There is more happening than the words describing the universal needs themselves. The empathetic relationship includes someone trying to be present, no matter what they say (intention, attention, and attunement) and the experience of a direct hit (resonance) when a feeling or a need is named with precision. The attempt to be present interrupts whatever cycle was happening, and then together the two people can attend to what the need might be until they hit on the right one. Given the way resonance circuits are suspected to provide both people in a relationship with similar information, getting the direct hit may not be too difficult once Connections & Reflections, The GAINS Quarterly/Spring 2010 17 they are calmly connected.
Universal needs are considered to be so key in NVC that they cannot be left out of an exchange. NVC mediation consists of making sure that each person can and is repeating the other person’s feelings and needs. Refrigerator magnet sets of feelings and needs can be purchased, as well as a new iPhone application that lets you choose your feelings and needs from the lists provided. Needs are a way to put the flavors and energies of our yearnings, our lives, and our purpose into words. They are resonance encapsulated.
Portland, Oregon’s NVC Certified Trainer Susan Skye (2010) has been teaching a way to give words to resonance for over a decade, an approach that she and her co-trainers call “The Living Energy of Needs.” The following is taken from her training that I attended this February.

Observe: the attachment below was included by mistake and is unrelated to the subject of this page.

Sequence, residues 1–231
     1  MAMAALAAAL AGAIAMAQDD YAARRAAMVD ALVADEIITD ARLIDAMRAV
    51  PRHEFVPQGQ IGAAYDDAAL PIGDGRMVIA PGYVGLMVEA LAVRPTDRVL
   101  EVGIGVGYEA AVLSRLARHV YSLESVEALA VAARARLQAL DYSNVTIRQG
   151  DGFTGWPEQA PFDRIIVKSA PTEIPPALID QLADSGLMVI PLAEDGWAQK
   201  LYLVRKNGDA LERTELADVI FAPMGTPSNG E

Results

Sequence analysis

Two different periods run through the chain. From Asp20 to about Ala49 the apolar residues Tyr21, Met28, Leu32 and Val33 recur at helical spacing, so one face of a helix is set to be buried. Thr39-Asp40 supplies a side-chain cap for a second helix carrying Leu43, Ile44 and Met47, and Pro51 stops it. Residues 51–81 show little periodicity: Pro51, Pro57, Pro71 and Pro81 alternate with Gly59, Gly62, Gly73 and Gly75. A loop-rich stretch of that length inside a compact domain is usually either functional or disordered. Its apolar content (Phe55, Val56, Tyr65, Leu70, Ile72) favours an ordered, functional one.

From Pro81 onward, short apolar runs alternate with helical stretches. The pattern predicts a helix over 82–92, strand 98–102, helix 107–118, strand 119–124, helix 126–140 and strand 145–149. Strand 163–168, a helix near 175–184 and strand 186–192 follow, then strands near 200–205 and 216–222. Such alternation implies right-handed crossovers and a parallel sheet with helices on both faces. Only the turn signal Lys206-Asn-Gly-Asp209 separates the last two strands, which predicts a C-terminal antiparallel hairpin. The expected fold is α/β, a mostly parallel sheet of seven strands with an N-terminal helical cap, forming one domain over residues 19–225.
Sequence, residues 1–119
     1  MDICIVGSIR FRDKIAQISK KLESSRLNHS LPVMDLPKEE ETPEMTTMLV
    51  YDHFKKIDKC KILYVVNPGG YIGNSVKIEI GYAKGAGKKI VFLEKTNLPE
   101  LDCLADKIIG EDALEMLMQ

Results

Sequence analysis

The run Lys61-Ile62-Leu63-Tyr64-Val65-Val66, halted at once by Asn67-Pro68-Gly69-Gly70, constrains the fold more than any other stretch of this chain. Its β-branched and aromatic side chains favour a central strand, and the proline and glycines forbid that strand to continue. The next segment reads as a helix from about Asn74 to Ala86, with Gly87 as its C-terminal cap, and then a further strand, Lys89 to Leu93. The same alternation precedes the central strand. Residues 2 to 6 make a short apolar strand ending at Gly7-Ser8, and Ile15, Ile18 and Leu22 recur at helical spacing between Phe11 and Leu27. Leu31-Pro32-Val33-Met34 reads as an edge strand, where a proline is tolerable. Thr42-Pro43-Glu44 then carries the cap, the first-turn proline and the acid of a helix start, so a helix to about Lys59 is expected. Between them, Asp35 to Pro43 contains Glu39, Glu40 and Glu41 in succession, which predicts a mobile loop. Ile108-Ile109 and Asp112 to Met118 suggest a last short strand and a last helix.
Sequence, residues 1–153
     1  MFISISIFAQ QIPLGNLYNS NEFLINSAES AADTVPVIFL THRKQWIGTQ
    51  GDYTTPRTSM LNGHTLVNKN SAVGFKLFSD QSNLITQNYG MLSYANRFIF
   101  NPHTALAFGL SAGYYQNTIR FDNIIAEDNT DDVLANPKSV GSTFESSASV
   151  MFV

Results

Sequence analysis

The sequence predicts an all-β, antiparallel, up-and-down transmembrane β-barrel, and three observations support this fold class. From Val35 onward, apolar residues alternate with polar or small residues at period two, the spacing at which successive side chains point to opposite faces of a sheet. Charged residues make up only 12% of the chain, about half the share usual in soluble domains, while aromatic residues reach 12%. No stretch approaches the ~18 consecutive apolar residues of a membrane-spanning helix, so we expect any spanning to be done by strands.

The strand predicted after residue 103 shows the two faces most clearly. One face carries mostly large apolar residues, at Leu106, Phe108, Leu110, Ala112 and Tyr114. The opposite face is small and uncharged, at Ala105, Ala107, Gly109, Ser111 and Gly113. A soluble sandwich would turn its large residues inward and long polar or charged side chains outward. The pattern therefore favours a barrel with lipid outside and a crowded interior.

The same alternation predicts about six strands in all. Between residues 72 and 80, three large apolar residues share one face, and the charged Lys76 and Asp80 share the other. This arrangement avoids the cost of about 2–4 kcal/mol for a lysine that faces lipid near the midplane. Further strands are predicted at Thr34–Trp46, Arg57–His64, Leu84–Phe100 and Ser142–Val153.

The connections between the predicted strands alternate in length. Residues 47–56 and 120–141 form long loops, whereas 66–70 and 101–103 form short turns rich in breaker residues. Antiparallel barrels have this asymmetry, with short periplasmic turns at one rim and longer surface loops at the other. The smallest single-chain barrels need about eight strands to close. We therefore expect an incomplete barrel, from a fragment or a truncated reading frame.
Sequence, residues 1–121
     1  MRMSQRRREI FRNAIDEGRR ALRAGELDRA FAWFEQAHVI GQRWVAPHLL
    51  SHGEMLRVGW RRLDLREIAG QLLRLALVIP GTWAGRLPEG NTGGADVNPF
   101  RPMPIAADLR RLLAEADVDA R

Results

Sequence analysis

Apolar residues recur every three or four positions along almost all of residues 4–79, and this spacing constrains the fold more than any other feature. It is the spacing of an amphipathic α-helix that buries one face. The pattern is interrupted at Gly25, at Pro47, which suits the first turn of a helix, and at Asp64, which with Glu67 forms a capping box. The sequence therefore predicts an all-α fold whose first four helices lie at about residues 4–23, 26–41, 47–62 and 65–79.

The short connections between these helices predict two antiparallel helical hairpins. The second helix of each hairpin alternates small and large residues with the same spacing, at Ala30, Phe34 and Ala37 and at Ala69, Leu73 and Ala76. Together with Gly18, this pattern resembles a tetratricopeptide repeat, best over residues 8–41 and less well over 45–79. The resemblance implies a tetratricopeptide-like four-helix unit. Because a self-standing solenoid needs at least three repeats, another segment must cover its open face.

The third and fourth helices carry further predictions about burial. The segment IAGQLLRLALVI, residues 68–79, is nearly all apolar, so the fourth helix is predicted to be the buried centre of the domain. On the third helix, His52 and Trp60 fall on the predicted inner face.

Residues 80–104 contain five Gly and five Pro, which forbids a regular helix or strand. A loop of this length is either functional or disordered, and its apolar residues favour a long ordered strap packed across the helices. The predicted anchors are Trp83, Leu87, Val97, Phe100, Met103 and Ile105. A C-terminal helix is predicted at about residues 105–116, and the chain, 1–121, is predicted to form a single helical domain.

My partner is talking, and I’m listening, but what am I really doing? I don’t listen from here— she points to her ears—I listen from my center, from my body. I’m sensing, feeling, really living in the energy. Say someone is telling a story, that’s what you are taking in, but at the same time, whatever it is that’s in us, that understands the resonance, not yet in words, a non-logical, undefined connection is what’s coming in. Now you have the live energy in your body, which you read and give words to, you’re reflecting to your partner a translation, a word picture of what’s happening. For example, if you were sitting with someone who was mourning a barren early childhood, the resonance might be something like, “You would really have liked to have been held with a deep love and attentiveness, a consideration of what was happening for you.” You are bringing the information about the other person in through your body. What flavor of experience is this? Learn the needs so that you can easily tell them apart. They have different qualities, and it feels different when there is a sense of fullness with that need, or a sense of longing for that need. Once you identify what is alive in you, give it words. Let the words flow out of your mouth and describe this universal quality that is enhancing life.
Before interpersonal neurobiology or the discovery of mirror neurons, such an approach would certainly have been considered unscientific. Now, though, compare Susan Skye’s words to Daniel Siegel’s (2010) description of the resonance circuits.